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JS1k Winners – Top Ten Entries

So, the JS1k contest is over and the winners are finally in! What a fantastic event this has been, massive thanks to all the organisers and judges, and to all the entrants for putting on a great show, I can’t think of a single entry I wouldn’t have been proud to have written myself, and some of the entries were simply amazing.

The judges did a brilliant (and difficult!) job of ranking the entries and choosing their top ten. I’ve compiled the entries into a list below, and you can click through to the demos themselves from here. I read on twitter that the official site will be updated tonight, so check back at js1k.com for the full scoop :)

If this is the first you’ve heard of the contest, head over to js1k.com and browse through all the entries. I also compiled a list of all the tweet-sized entries, as I’m buying a copy of Douglas Crockford’s JavaScript:The Good Parts as a prize for the best tweetable entry. Have a look at my own tweetable entries too.

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Complete list of #JS1k tweet-sized entries

The #JS1k contest ended last night. It challenged web coders to write some interesting JavaScript in 1 kilobyte (1024 bytes) or less. That script is put into a basic html page which includes a canvas element and not much else. It’s a pretty crazy challenge – 1k is not a lot of code – and there are some really clever micro-optimisations going on in some of the entries.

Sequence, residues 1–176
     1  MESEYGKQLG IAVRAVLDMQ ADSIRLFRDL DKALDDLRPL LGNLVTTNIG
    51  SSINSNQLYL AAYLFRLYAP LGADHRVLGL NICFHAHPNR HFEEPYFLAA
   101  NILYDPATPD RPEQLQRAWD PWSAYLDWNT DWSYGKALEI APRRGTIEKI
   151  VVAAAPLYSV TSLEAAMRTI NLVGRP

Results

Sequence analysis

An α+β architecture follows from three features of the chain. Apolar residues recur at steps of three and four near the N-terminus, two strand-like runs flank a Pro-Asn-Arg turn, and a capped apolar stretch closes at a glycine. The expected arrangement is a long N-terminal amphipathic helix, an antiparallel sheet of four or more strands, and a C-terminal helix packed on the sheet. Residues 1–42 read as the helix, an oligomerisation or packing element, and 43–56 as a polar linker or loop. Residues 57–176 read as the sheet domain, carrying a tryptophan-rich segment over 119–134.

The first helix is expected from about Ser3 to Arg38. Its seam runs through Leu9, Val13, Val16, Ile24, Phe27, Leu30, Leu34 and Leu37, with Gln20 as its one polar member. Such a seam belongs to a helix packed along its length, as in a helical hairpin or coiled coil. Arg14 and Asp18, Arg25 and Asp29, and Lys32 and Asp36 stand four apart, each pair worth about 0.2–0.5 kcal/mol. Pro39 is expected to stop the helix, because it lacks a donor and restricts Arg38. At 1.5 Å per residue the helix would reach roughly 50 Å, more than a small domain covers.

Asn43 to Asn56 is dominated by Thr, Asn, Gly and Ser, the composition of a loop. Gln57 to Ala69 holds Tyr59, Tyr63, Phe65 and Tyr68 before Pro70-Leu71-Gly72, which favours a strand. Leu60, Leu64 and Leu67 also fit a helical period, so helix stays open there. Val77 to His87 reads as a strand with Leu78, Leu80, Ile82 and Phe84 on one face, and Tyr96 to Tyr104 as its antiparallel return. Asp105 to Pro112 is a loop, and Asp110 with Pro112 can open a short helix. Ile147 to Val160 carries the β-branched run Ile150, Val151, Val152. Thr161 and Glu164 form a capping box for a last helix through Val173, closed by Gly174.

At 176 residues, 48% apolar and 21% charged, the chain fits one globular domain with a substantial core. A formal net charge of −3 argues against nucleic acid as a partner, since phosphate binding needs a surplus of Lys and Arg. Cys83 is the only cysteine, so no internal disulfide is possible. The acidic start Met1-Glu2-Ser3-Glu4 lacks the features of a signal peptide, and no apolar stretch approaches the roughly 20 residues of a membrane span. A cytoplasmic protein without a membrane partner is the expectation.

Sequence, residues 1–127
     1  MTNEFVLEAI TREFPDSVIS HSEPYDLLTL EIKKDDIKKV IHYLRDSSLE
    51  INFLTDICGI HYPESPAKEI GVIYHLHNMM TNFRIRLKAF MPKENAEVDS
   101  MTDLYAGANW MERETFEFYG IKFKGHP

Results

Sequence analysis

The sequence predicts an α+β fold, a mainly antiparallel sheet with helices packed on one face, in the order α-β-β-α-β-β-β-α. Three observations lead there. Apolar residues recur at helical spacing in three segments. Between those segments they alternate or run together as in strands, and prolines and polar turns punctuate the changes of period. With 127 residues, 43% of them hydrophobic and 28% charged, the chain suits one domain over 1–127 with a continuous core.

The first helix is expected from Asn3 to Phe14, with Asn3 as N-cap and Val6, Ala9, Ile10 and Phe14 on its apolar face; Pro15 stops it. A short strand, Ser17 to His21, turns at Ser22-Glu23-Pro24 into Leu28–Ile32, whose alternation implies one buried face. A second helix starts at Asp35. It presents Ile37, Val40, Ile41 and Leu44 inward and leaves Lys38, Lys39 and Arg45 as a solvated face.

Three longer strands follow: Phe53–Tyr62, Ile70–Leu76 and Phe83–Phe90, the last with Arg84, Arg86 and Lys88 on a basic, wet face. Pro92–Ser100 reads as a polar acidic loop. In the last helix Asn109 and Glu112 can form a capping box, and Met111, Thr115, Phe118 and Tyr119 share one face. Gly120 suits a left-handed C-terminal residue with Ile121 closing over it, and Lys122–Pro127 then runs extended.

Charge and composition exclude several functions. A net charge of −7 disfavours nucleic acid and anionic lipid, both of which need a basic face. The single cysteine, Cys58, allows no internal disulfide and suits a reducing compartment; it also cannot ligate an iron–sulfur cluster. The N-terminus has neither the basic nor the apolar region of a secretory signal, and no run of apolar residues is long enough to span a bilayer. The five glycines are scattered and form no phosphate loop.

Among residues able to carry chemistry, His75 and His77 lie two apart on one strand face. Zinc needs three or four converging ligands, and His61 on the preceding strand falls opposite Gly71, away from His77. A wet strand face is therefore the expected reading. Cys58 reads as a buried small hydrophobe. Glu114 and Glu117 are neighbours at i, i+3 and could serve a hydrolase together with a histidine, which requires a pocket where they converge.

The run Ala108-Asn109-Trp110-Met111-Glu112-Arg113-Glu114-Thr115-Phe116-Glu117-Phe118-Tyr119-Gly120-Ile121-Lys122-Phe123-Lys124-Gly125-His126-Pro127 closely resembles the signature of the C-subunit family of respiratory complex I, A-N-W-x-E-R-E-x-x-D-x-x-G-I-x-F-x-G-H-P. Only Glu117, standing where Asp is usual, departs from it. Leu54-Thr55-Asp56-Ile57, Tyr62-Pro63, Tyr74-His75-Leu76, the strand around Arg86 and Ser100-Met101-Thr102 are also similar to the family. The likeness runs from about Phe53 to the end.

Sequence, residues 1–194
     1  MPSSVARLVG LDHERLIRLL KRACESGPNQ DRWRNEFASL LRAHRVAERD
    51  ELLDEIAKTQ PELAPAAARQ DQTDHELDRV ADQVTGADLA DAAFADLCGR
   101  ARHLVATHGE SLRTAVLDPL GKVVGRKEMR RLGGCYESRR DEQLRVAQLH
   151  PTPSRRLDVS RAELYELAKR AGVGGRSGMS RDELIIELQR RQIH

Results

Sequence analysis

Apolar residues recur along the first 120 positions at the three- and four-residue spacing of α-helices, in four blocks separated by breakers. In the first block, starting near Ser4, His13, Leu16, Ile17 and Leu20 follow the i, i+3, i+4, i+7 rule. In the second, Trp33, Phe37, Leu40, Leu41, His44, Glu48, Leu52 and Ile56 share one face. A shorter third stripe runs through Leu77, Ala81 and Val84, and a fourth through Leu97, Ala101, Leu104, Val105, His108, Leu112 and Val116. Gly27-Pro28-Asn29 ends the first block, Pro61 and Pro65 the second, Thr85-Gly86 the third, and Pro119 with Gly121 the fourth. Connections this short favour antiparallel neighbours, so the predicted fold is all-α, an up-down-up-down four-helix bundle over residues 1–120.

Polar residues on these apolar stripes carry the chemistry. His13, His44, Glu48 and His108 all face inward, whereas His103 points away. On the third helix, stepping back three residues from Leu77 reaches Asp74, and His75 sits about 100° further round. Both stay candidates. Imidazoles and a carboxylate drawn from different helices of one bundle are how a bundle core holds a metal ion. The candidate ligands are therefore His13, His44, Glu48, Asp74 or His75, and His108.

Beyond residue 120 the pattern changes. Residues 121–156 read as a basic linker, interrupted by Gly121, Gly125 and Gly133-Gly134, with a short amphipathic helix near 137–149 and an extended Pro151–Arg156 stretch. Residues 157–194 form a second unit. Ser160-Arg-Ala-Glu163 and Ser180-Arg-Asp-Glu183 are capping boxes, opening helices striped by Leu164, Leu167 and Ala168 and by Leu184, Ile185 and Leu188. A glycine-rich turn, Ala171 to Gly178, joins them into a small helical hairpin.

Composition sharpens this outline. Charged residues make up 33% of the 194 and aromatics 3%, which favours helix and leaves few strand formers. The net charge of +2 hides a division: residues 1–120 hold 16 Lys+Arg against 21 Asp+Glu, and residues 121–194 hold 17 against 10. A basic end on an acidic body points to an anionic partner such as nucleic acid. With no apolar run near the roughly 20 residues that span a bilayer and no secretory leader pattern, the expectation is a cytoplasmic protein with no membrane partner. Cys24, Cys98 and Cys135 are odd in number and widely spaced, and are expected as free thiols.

But the homepage also states “Bonus points if your submission fits in one tweet ;)“. Now that’s a whole other level of madness. Useful code in 140 bytes? You’ve barely enough room to find the canvas element, let alone do anything with it!

So I decided to make an (unofficial) list of all the entries that are or claim to be tweet-sized. The current js1k homepage doesn’t offer a way to filter entries by size (hint, hint!), so I think this is pretty useful. I listed my own tweetable entries in an earlier post.

Also, I’m giving a copy of Douglas Crockford’s “Javascript: The Good Parts” as a prize for entry that the judges deem is the best of the tweetable ones. I think it’s a fitting prize, packing a whole lot of awesome into a thin package ;)

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Some tweetable #js1k demos

JS1k is consuming me at the moment. I saw this entry by strager and it inspired me to push for a tweetable (<=140 byte) demo based on his.

By dropping the save/restore and alpha blending features, I was able to come up with a few candidates which I think look fairly pretty.

Unlike my previous allRGB and rot13 entries, where I had a definite goal in mind, here I’m really just playing with parameters until something cool appears on the screen. Which is kinda neat, it recaptures that innocent experimental spirit which was what first attracted me to programming when I was a kid.